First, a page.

Family offices can also liaise with legal advisers who have appropriate expertise in obtaining a comprehensively drafted family constitution. While it is not often structured as a legally binding document, it does serve as an invaluable guiding document for families at all times. Finally, at the implementation stage, family offices can assist families in setting and driving the agenda for family meetings and discussions, maintaining records and helping to manage frictions that may arise.
Family offices can also help by administering the family constitution and its underlying bodies. Most well-drafted family constitutions and plans incorporate a family council or a family business board, consisting of representative members from different parts of the family. Family offices can assist in facilitating meetings between such members to ensure transparency of communication between members, financial-related decisions, planning for future generations and similar matters.
Regulating the conduct of family members is also a critical aspect of family offices as far as family governance is concerned. Family offices can help family members to outline policies to regulate their public interaction. For example, it is not uncommon to have a media policy (applicable to in-person interviews or online posts), which is adopted to regulate the ways in which family members can interact with the media or the general public when making statements about the family or the business.
Typically, a family office structure will consist of a secretariat, comprising trusted executives. Sometimes they are led by an individual who performs the role of a family office chair (it could also be a CEO designation). Family office chairs serve as the lead point of contact on all matters pertaining to the family office and are more often than not a longstanding confidant of the family or a former senior executive from the core family business. Family office chairs' close proximity to the family, coupled with their intrinsic knowledge of the family business, places them in a unique position to be able to provide objective and holistic solutions for the interests of the family at large.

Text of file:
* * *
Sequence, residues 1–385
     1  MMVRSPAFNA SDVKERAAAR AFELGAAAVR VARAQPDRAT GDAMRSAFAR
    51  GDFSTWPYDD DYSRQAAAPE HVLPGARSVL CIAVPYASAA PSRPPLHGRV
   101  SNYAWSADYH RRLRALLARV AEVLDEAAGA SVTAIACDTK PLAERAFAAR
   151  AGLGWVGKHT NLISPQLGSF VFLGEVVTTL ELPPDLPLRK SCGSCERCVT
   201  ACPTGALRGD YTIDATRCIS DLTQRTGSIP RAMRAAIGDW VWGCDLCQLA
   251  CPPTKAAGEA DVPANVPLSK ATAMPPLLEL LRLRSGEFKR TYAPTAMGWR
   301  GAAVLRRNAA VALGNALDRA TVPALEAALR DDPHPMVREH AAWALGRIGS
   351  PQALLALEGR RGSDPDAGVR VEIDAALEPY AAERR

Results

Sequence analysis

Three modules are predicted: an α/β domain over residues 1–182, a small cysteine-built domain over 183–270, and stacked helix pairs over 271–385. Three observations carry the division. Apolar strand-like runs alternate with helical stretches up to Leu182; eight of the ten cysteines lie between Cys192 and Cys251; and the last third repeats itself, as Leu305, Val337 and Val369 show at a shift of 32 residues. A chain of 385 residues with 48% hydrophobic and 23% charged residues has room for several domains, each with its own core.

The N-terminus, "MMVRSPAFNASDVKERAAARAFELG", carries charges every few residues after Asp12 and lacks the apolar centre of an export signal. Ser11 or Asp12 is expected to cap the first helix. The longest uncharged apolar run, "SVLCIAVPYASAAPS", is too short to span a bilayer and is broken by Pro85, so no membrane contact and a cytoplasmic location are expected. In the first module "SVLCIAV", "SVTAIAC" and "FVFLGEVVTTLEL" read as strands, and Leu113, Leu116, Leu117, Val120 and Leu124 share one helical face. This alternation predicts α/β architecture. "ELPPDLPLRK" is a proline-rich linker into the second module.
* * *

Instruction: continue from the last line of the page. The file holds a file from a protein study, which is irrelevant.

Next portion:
Apart from investing, tax planning, family governance and related functions, family offices can provide secretarial functions to the families that they serve. Family offices often coordinate travel itineraries, plan special occasions, help with children's admission into educational institutions and hire household help.
COVID-19 has affected the way in which people look at succession and, consequently, how people look at wealth. With people working remotely, the pandemic can lead to the emergence of a virtual family office model.(6) The virtual family office model can help to mitigate issues often associated with a siloed approach (ie, where professionals work independently of each other and only as needs arise) or the full-time professional staff approach (which can be cost ineffective as full-time staff may not be needed at all times or staff members may lack experience in areas of need that require technical expertise). Several family offices are now running a magnifying glass over their processes and infrastructure to determine which model suits their needs.
In a COVID-19-affected market, Indian family offices have been looking at alternative asset classes such as hedge funds, derivatives, products that give absolute returns and private equity.(7) The younger generation in family offices is entering the business with a higher appetite for risk and greater global experience.(8) Maintaining family offices' daily operations and administration can be challenging as a high proportion of employees are working remotely. This has led to some firms upgrading their security systems and adopting automation where necessary. Those firms with virtual family offices are likely to be better positioned to respond due to higher levels of operational disruptions.(9)
Family offices have multi-dimensional facets and play a critical role in implementing a robust family governance structure. If used effectively, family offices are truly an extension of the family and act as guardians of a family's invaluable legacy. Over the coming years, there is likely to be a considerable change in the way in which resources are managed for the wealthiest families in the world. Indian family offices will likely scale up to the level of their foreign counterparts. While adopting a family governance structure is the first prudent step, business families must recognise the challenges that will emanate from giving effect to such structures. There are a host of complexities to navigate and many pitfalls to avoid.
For further information on this topic please contact Rishabh Shroff or Tanmay Patnaik at Cyril Amarchand Mangaldas by telephone (+91 22 2496 4455) or email (email@example.com or firstname.lastname@example.org). The Cyril Amarchand Mangaldas website can be accessed at www.cyrilshroff.com.
(1) See here.
(2) See here.
(3) See here.
(4) See here.
(5) See here.
(6) See here.
(7) See here.
(8) See here.
(9) See here.